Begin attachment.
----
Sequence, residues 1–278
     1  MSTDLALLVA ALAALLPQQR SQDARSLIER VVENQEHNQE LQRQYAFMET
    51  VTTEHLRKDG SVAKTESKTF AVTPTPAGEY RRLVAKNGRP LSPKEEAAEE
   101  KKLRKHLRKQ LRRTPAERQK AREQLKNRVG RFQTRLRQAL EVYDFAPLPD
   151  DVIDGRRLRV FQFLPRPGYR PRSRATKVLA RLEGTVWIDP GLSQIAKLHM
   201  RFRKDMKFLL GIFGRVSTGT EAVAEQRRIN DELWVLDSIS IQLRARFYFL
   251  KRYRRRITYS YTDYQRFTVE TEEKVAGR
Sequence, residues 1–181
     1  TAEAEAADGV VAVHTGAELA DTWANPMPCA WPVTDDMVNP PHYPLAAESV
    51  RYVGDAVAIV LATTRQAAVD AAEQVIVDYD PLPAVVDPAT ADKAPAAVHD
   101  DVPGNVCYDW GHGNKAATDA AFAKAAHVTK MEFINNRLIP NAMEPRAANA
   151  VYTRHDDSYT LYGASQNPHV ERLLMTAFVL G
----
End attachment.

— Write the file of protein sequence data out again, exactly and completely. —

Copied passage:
Sequence, residues 1–278
     1  MSTDLALLVA ALAALLPQQR SQDARSLIER VVENQEHNQE LQRQYAFMET
    51  VTTEHLRKDG SVAKTESKTF AVTPTPAGEY RRLVAKNGRP LSPKEEAAEE
   101  KKLRKHLRKQ LRRTPAERQK AREQLKNRVG RFQTRLRQAL EVYDFAPLPD
   151  DVIDGRRLRV FQFLPRPGYR PRSRATKVLA RLEGTVWIDP GLSQIAKLHM
   201  RFRKDMKFLL GIFGRVSTGT EAVAEQRRIN DELWVLDSIS IQLRARFYFL
   251  KRYRRRITYS YTDYQRFTVE TEEKVAGR
Sequence, residues 1–181
     1  TAEAEAADGV VAVHTGAELA DTWANPMPCA WPVTDDMVNP PHYPLAAESV
    51  RYVGDAVAIV LATTRQAAVD AAEQVIVDYD PLPAVVDPAT ADKAPAAVHD
   101  DVPGNVCYDW GHGNKAATDA AFAKAAHVTK MEFINNRLIP NAMEPRAANA
   151  VYTRHDDSYT LYGASQNPHV ERLLMTAFVL G